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No two journeys over the Oregon Trail were the same. For some the overland trip was a carefree and scenic experience of a lifetime. Unencumbered by accident, disease, or misfortune theirs was an adventure-filled, if not a romantic affair. For others the cross-country trek was nothing short of grueling, with unexpected hardships and unbearable heartaches. They experienced intolerable extremes of weather, lacked the basic necessities of food, water, and shelter, and witnessed inconceivable human behavior.
When the wagon train era began in the 1840s, thousands of courageous "emigrants" left behind the America they knew and traveled into uncharted territory across unfamiliar terrain-at times unsure of the route, much less what to expect ahead. West of the Missouri River towns was a wild frontier as foreign to them as living in a space station seems to us today.
The floodtide of emigrants over westward trails began as a trickle and evolved into a tidal wave that left the Native Americans overwhelmed by the sheer volume of trespassers.Caught up in the "Oregon Fever," the emigrants were collectively driven toward fresh horizons, and thus the caravans of wagons began rolling westward. Perhaps it was the chance for a better life, free land, the hope to strike it rich, the desire to unite the land as one nation, or simply an adventuresome spirit that led them to leave behind their lives in the eastern United States. In the span of forty-five short years the United States went from being a country made up of towns mostly scattered along the Atlantic Coast to a nation that stretched from sea to shining sea.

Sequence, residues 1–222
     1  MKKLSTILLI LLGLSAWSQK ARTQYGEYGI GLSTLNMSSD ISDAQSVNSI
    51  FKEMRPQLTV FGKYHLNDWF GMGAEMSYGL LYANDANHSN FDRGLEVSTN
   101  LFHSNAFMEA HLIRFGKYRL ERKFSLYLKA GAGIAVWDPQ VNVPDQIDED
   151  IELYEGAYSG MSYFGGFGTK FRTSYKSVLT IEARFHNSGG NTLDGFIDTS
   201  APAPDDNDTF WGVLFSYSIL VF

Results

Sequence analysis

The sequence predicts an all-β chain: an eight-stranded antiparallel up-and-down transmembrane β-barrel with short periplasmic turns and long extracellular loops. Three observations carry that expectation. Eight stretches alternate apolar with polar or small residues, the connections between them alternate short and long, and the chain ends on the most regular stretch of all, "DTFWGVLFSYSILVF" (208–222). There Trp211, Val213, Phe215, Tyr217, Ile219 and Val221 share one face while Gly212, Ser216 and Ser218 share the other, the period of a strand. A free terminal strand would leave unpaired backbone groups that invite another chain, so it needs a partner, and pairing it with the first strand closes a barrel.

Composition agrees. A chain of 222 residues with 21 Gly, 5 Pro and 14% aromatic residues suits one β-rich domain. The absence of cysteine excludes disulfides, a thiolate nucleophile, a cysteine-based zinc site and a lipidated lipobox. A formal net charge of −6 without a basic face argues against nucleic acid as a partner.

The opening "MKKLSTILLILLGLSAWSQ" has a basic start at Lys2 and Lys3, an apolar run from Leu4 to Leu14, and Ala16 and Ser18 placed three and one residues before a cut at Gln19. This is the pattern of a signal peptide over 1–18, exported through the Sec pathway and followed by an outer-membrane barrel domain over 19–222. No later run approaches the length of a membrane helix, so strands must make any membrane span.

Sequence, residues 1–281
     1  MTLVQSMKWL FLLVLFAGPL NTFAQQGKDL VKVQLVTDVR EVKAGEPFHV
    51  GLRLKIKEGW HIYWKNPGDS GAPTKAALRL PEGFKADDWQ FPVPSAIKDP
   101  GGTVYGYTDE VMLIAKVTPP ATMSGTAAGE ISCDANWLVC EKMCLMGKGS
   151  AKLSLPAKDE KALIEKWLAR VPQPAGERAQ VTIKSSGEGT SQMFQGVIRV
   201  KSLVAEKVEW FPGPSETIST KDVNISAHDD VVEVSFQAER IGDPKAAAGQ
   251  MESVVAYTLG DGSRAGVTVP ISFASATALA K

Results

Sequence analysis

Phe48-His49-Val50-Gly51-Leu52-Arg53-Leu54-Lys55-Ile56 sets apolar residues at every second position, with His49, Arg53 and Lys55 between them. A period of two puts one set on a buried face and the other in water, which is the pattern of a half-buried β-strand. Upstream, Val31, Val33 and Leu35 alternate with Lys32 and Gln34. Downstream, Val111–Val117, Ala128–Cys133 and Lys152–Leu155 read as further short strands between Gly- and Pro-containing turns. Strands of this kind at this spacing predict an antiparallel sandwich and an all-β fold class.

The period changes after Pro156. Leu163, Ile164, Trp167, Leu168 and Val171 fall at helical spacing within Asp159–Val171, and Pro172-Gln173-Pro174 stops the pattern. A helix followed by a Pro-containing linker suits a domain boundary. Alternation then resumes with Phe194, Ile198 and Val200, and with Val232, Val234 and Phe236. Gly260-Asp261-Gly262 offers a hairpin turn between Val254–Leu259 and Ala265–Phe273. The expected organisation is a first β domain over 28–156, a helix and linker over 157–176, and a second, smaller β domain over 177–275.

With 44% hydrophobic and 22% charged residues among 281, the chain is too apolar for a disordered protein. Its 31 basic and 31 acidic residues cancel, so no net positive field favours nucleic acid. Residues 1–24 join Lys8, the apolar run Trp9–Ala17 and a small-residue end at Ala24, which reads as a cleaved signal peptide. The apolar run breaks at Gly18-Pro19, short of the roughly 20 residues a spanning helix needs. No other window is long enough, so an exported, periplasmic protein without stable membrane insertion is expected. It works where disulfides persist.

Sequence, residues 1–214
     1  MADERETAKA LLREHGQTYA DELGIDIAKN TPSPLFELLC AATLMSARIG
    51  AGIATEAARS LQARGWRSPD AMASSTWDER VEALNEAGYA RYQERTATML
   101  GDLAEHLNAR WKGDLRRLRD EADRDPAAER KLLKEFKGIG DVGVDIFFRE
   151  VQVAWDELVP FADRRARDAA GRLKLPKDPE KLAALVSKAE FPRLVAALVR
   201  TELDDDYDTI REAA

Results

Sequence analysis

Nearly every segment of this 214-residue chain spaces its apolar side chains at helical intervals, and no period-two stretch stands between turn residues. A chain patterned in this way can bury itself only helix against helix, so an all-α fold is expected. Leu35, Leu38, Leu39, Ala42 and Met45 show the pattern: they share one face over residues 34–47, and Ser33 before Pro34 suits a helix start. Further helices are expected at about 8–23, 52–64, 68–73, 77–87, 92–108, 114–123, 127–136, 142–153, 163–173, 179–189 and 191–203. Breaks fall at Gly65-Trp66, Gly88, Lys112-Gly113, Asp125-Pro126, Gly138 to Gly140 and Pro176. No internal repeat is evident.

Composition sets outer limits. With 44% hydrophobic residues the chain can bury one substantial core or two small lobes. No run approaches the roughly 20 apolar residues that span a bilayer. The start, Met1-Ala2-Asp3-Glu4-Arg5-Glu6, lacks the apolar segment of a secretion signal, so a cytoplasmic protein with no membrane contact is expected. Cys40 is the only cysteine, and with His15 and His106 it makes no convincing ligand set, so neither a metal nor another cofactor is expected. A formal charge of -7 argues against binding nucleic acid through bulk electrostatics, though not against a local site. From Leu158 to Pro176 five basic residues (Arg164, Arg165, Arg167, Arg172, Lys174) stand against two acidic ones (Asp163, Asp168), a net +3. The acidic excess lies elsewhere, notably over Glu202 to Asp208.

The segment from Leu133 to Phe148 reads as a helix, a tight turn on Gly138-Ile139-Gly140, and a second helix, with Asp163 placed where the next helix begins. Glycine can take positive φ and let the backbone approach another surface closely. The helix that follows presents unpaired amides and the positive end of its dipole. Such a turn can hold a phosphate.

There are several myths about the settlement of the West that need to be dispelled in order to gain a clear understanding of this time in American history. The first is that the Oregon Trail was one long, continuous road. More accurately it was like a network of blood vessels that meandered westward gathering into a pulsating vein in the vicinity of Fort Kearney, Nebraska. Given to the proclivity of human nature to find a shortcut, many cutoffs were defined from the main route.
The second myth involves the image of a single-file line of wagons heading toward the setting sun. In actuality an array of wagons spread out one abreast of the other to avoid the choking dust. A caravan was often miles wide, due to the natural detours caused by changes in river courses or the necessity for finding available grass and fresh campsites.